I was reviewing some basic concepts in physics. I was reading a concept that says “the force needed to push/pull an object on an inclined plane (suppose friction is zero) is $$F= m\,g\,\sin(\theta)$$ My question is, if we exert the force on that object with that amount of force, wouldn’t we end up preventing the object from sliding down rather than move the object up?

Because the forces would cancel each other out and thus, no motion is made. Shouldn't the force required to move the object upwards be greater? I am thinking the force should be $F_p = m\,a + m\,g\sin(\theta)$.

  • $\begingroup$ was that helpful ? $\endgroup$
    – Ankit
    Sep 2, 2020 at 5:51
  • $\begingroup$ Yes...it was really helpful...thanks man @Ankit $\endgroup$ Sep 2, 2020 at 8:11
  • $\begingroup$ Will do 😀 @ankit $\endgroup$ Sep 3, 2020 at 6:10
  • $\begingroup$ I have edited my answer. So look out for the last paragraph ☺️ . It will be more helpful. $\endgroup$
    – Ankit
    Sep 3, 2020 at 6:21
  • $\begingroup$ I have read the additional paragraph...it is really helpful 😊 thanks a lot man @ankit $\endgroup$ Sep 4, 2020 at 3:57

2 Answers 2


See if the body was sliding on the inclined plane ( considering frictionless surface) with only gravitational force then it would be accelerating along the plane with an acceleration of $g\sin \theta $.

Now if you apply the same amount of force along the plane then it wouldn't come at rest but will continue its motion in the same direction but this time with a constant velocity ( which is the velocity the body had gained (since it's velocity was changing at every moment due to gravity) when the external force was applied ) .

So in order to move the body upward i.e. in opposite direction , YES you will have to apply a greater amount of force .

As @ohneVal mentioned if the body was initially going upward (because of any push ) then we just need to apply force equal to its gravitational component along the plane and the body will move upward with a constant velocity.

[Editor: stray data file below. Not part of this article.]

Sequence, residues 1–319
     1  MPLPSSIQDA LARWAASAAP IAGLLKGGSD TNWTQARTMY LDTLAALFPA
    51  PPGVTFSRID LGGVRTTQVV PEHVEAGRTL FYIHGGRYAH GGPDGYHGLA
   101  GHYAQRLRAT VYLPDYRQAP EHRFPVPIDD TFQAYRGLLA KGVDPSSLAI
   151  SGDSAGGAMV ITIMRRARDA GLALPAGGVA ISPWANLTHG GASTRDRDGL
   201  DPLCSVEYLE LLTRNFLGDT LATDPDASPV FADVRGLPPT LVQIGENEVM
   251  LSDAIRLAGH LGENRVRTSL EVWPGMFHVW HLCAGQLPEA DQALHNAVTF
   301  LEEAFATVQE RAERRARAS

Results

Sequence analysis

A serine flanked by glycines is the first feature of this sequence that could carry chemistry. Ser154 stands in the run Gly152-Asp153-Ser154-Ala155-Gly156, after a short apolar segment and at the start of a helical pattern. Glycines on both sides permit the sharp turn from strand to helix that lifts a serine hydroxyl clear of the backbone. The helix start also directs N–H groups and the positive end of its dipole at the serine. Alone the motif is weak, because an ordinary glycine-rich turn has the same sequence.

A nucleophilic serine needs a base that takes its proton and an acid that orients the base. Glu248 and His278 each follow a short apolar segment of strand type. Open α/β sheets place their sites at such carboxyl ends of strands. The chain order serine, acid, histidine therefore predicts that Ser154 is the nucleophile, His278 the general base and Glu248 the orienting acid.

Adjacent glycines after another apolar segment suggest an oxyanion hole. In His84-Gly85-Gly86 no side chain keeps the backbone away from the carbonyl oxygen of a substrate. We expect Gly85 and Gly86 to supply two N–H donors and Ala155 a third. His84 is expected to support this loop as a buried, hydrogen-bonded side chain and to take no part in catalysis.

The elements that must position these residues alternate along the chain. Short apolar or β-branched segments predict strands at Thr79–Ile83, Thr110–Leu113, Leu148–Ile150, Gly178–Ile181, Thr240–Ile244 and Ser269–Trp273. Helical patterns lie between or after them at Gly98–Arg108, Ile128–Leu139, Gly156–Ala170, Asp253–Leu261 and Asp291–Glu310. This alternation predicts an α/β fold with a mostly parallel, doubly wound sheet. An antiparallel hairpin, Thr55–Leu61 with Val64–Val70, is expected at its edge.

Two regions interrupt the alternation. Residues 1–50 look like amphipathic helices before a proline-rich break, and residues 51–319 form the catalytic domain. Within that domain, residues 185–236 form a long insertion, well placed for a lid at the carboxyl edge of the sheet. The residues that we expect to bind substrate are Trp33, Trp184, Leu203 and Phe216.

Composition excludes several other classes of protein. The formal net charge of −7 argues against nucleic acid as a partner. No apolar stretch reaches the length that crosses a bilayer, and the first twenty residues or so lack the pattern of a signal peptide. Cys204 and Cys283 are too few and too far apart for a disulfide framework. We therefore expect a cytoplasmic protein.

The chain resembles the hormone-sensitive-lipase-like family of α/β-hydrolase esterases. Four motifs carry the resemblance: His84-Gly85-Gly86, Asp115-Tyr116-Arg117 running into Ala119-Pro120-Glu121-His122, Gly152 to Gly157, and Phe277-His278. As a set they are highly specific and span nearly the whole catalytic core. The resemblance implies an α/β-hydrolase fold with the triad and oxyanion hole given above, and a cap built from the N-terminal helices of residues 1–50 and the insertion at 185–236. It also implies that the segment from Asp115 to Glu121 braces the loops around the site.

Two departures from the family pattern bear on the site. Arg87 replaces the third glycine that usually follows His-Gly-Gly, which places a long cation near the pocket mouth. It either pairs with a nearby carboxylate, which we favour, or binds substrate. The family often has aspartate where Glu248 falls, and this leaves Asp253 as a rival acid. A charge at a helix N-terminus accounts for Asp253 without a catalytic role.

• $\begingroup$ Ah I see...I get it, that’s why when subjected with the same amount of force, an object will have zero acceleration which could also mean it is moving with constant velocity...am I getting this right?? $\endgroup$ Sep 2, 2020 at 6:07
  • $\begingroup$ @Enrico Hendro yes you are absolutely right. So first you need to stop the object by applying a greater amount of force and then with that force it can go up. $\endgroup$
    – Ankit
    Sep 2, 2020 at 6:14
  • 1
    $\begingroup$ Take into account that if the initial condition was that the block was "kicked" upwards, in other words given an initial speed upwards and immediately after we start applying the countering force to gravity, one would still obtain a constant velocity situation. The block would keep moving upwards with constant speed. So the initial condition is important $\endgroup$
    – ohneVal
    Sep 2, 2020 at 10:11
  • $\begingroup$ Thanks man 😊 @ohneval $\endgroup$ Sep 4, 2020 at 3:58

Yes the object would then be in equilibrium. If you give it some velocity and then apply the force ($mg\sin \theta$), it would move up the slope.

  • $\begingroup$ I see...so to summarize, as long as we are moving it with some velocity, then (mgsin(theta)) would suffice, but if we are moving it from rest (Vo at the bottom of the incline = zero) then we would need greater force than that (which is F=m.a + m.g.sin𝜃). Am I getting this right?? $\endgroup$ Sep 2, 2020 at 2:52
  • $\begingroup$ A body in physical equilibrium means ' Net external force on the body is Zero'. That also means acceleration is O. Zero acceleration means either velocity is O or body moving with constant velocity. From Physics point of view, State of Rest or State of Uniform motion are same and Body is said to be in equilibrium. $\endgroup$ Sep 2, 2020 at 5:11

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